This feature wall is created from cultured stone; a man-made material manufactured to look like natural stone. However, cultured stone is considerably cheaper and just as resilient, perhaps needing even less maintenance than natural stone. It's created by a mix of concrete, aggregate and colour pigments, meaning it's versatile to come in more than one shade—just as natural stone would do.Here, the cultured stone works to create a cooling vibe in the room, seeming to bring some of the natural world into a contemporary design.
Polymer aggregates are suited to almost any kitchen space, whatever design, colour scheme or theme. Here, we see a light and bright kitchen island, one chosen to contrast the beautiful, dark wood cabinets on the opposing wall. But polymer aggregates come in so many different styles and shades, so don't worry if lighter tones are not what you see in the future design of your kitchen. Here, however, this lightness has been used by the designers to create a wonderfully opulent and ambient atmosphere.
Recycling materials is a highly fashionable venture, and this kitchen design has really utilised this in the most ingenious way. The aggregate is made from crushed computer monitor glass, used throughout the concrete in varying densities. This produces a glorious lustre on the worktop surfaces, giving it that unique and clean shine which we all strive for in our kitchens. Such a design infused contemporary culture with contemporary design; a fusion which should be welcomed into our homes.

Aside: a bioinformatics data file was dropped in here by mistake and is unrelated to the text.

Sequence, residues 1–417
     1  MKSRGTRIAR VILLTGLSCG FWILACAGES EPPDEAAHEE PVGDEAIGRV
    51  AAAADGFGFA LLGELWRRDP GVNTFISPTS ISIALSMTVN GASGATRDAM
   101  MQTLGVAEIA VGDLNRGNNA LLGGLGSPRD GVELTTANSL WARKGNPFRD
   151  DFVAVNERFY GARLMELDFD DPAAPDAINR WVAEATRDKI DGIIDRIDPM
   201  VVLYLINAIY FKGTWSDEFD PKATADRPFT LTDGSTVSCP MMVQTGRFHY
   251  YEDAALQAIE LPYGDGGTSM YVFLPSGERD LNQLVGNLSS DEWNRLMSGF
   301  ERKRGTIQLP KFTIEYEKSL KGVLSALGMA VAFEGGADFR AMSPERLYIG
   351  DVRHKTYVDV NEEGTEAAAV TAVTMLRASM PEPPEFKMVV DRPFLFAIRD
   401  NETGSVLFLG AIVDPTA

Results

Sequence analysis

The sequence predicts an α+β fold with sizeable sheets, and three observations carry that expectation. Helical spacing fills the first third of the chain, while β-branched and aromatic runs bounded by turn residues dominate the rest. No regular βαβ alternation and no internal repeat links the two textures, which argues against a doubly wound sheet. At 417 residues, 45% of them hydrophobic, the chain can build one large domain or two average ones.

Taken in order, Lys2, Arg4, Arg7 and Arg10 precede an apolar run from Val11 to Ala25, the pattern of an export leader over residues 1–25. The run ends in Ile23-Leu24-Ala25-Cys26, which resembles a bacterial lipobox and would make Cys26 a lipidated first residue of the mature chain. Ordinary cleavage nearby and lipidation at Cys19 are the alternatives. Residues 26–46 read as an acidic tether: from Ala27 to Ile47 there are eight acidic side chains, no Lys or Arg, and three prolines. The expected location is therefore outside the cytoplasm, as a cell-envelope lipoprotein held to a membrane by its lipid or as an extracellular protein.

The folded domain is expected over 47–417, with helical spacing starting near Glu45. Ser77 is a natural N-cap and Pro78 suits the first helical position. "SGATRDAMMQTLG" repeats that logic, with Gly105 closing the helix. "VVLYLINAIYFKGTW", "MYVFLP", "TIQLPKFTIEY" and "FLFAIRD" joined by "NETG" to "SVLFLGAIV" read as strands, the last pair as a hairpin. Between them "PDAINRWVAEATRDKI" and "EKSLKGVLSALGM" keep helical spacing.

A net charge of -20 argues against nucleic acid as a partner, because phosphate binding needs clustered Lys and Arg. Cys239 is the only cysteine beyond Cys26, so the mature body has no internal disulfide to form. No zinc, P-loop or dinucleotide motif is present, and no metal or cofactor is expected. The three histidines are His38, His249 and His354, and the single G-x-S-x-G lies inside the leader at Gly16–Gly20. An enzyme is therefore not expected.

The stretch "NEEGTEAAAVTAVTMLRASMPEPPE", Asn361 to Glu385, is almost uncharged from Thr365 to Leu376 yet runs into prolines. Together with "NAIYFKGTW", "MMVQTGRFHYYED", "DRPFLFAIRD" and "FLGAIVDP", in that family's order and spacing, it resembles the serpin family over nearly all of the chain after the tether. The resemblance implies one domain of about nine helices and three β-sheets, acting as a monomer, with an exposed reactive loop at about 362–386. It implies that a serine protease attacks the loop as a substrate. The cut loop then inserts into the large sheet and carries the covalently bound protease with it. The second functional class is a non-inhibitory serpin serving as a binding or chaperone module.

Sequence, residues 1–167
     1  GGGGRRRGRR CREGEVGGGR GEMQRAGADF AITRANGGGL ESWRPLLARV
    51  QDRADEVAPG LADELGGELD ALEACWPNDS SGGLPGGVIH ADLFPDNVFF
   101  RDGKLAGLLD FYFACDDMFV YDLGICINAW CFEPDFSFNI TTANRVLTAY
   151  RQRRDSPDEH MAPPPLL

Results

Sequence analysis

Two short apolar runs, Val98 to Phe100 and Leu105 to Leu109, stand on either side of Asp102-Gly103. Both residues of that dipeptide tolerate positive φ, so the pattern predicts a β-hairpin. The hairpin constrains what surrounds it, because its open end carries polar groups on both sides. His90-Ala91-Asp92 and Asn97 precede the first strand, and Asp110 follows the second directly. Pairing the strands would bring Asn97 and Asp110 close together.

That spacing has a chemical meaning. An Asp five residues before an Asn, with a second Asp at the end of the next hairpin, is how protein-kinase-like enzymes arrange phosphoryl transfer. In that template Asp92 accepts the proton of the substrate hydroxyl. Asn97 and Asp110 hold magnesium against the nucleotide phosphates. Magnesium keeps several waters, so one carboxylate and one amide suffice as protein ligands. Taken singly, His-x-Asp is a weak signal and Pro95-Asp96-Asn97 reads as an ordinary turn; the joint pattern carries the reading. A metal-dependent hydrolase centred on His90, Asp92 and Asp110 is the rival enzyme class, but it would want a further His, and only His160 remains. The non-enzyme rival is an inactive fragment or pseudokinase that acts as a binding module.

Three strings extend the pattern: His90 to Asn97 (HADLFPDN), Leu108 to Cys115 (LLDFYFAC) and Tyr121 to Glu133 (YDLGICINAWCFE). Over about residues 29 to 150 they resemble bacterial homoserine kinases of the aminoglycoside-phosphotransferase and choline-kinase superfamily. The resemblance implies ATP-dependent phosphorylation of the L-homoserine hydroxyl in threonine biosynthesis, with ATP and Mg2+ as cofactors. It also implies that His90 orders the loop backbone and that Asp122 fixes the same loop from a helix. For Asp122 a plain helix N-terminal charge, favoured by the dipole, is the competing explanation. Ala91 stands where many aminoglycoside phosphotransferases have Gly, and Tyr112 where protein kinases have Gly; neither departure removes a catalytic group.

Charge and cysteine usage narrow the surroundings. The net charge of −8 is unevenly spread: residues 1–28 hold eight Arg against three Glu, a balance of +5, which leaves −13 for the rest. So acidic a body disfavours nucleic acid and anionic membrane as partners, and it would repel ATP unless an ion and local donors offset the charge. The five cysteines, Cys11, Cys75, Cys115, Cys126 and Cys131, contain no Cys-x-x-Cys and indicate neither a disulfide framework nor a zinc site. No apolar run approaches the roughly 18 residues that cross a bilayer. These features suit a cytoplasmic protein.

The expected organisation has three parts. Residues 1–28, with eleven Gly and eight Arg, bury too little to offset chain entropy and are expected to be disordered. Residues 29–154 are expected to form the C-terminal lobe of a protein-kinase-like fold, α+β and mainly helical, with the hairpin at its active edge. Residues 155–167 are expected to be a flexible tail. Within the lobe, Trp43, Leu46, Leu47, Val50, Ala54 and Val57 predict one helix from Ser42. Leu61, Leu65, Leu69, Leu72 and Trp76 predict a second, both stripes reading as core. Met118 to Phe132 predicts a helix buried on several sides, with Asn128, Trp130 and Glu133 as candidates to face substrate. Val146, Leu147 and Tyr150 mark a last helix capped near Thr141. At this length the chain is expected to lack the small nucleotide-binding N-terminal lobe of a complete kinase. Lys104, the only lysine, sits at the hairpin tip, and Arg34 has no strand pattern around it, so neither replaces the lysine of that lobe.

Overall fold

Here is something we haven't seen yet; aggregate walls. A great idea for all the reasons aforementioned: little to no maintenance, highly durable, comes in numerous tones and shades, and simply looks professional and impressive. Modular slabs of grey stone has been chosen here as the preferred aesthetic. For a post modern look, the white angular pillars contrast against the wall for a striking contemporary look. This design is perfect for the business building seeking to impress.
The shine in this aggregate surface absolutely brings this kitchen alive. Reflecting light and acting as a mirror to its surroundings, this kitchen island surface is truly a chef's heaven. This kitchen island proves that dark colours don't have to sap a room of its personality or light, in fact it can do the exact opposite. Here, it infuses the kitchen with character and almost doubles the amount of light in the room.
Enough of industrial aggregate, aggregate put down to withstand weight and time. It can be used, too, for one simple purpose: it looks genuinely charming. Here, we have a country home adorned with flowers and foliage, framed beautifully by a natural stone aggregate pathway and driveway. The two, aggregate flooring and natural accessories, collect together in wonderful tones of harmony, forming an altogether quaint and calm country home.
For other great examples that use concrete as a medium, have a look at: Exposed concrete homes